There are certain things which seem like a good idea at the time, but which are, in fact or in the clear light of day, not a good idea at all. For example:
Painting bedroom walls the colour of ruby slippers without first doing a sample test
A third pina colada
The do-absolutely-no-exercise-and-get-super-fit ab sculpting belt advertised on late night TV
Yogurt drinks or milk shakes of any sort for the children in the back seat no matter how long the road trip, how old the children, or how high pitched the whining.
Giving yourself a midnight haircut with the nail scissors in the bathroom mirror
I speak from experience for each and every one of these (luckily, my wallet was downstairs and my abdominal muscles too flaccid to get me off the couch so though the ab sculptor was seriously considered, it was not purchased) and for the most part, I’ve learned to ride out the good-idea-paroxysms. The bathroom mirror haircut though, is a recurring issue.
Inevitably, there comes a night when I confront myself in the bathroom mirror, and the only logical next move is to reach for the scissors. These nights usually follow the kind of day that leaves my reflection looking dishevelled and put upon and decidedly unglamorous. This is not strictly a motherhood thing. This has occurred since high school. In that artificially lit emotional moment I am absolutely certain that when the layers of my hair in the front (or the back, sides, top) are a little shorter (shaggier, layered, feathered, blunt) tomorrow will be better. I will be better.
A petite plainly spoken hairdresser may have finally cured me. I recently curbed the impulse to reach for the scissors and went to bed instead. The next day I took myself off to a proper salon, still struggling a little against the certainty that a judicious bathroom hack job would be a really good idea, but sitting in the salon with tasteful zen-esque floral arrangements and pretty glossy magazines strewn about with pretty glossy women looking calm and under control, convinced me of the wisdom of my decision. The miasma of styling products in the air may also have contributed to my delusion, because when the stylist consulted with me about what I wanted to do that day she refused.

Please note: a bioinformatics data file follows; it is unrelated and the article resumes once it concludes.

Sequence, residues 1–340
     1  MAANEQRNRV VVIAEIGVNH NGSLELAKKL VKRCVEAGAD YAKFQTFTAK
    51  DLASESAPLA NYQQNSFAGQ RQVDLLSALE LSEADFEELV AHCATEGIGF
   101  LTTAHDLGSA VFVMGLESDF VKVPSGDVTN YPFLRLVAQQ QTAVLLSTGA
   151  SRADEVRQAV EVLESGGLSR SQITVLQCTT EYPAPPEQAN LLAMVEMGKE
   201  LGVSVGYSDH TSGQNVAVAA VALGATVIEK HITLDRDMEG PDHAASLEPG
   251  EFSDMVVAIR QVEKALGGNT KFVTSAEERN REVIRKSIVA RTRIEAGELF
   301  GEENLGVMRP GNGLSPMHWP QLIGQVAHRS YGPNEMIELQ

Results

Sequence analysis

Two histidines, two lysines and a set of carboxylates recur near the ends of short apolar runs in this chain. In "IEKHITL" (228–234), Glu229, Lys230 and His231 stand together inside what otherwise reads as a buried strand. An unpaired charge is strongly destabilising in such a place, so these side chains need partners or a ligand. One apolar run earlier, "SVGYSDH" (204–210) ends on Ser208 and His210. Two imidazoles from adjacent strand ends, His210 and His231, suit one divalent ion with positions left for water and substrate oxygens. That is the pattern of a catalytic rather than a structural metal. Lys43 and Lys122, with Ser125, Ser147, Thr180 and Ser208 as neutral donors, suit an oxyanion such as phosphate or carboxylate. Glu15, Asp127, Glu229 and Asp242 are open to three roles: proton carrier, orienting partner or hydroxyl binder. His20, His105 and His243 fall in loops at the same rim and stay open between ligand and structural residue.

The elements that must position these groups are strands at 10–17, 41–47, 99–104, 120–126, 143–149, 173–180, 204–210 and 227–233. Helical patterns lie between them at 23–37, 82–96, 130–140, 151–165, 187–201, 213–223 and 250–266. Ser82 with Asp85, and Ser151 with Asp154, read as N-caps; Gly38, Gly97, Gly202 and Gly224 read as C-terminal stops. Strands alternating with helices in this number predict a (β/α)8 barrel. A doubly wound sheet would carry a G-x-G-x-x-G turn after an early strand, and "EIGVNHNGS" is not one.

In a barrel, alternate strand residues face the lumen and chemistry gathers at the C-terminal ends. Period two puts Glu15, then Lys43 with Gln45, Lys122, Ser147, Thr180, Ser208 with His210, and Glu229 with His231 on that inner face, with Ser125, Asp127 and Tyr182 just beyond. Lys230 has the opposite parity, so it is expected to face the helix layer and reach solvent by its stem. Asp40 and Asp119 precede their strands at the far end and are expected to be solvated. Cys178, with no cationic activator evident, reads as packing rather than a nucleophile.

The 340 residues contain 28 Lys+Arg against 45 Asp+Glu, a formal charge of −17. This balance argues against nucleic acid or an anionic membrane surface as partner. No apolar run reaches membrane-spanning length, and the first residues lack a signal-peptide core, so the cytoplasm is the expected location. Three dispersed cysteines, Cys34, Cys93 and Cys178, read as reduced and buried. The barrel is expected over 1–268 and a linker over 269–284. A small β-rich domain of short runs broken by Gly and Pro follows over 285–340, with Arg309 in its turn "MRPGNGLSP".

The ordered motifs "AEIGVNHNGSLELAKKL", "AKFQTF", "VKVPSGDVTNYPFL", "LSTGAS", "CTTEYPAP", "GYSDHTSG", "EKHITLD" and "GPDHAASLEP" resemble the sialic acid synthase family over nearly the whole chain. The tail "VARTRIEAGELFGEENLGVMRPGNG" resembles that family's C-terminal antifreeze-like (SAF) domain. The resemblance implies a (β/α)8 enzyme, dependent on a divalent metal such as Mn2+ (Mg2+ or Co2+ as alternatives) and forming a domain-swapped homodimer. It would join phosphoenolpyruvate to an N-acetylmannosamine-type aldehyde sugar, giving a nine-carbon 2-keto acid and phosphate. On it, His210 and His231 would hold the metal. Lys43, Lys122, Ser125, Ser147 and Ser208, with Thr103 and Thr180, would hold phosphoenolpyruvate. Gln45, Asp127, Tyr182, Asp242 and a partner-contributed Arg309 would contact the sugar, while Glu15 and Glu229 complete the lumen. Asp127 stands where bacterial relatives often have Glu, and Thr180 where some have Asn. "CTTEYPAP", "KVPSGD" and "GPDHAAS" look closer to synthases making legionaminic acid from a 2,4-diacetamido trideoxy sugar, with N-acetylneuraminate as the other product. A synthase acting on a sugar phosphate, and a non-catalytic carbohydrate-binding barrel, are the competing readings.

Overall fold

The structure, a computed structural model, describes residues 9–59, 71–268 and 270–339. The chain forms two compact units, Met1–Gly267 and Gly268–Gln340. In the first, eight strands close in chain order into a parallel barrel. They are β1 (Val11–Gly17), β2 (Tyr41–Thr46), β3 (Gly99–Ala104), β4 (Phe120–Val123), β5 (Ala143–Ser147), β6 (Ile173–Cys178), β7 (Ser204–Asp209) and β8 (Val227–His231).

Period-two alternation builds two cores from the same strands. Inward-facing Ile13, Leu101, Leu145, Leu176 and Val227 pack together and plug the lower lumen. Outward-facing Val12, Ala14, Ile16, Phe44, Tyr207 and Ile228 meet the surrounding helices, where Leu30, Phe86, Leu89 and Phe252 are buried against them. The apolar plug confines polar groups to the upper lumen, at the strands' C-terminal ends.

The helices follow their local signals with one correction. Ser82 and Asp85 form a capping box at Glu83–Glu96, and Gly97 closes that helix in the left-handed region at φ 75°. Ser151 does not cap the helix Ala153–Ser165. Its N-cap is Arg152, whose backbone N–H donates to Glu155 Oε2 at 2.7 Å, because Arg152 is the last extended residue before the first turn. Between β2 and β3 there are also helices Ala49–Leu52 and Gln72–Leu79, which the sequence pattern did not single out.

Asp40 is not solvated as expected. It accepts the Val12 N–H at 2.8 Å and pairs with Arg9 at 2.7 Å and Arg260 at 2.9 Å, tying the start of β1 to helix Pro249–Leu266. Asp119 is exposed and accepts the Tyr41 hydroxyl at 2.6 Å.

Refused!?! I did not understand.
I was still moving my hands around my head cheerfully describing a “casual, chic, choppy growing-it-out effect” when the stylist cut me off with a curt shake of her sleek bob. “If you want to grow it out you have to grow it out.” She looked at me and waited for her words to penetrate. Clearly, I was still too deep in my good idea.
She tried again, speaking more slowly this time: “If I cut your hair today, in six weeks you will be back trying to manage another awkward stage.”
My hands fell helplessly into my gowned lap. “So….not cut it?”
“Not at all.” Then she smiled, a little sternly I thought.
I went home and hid the nail scissors.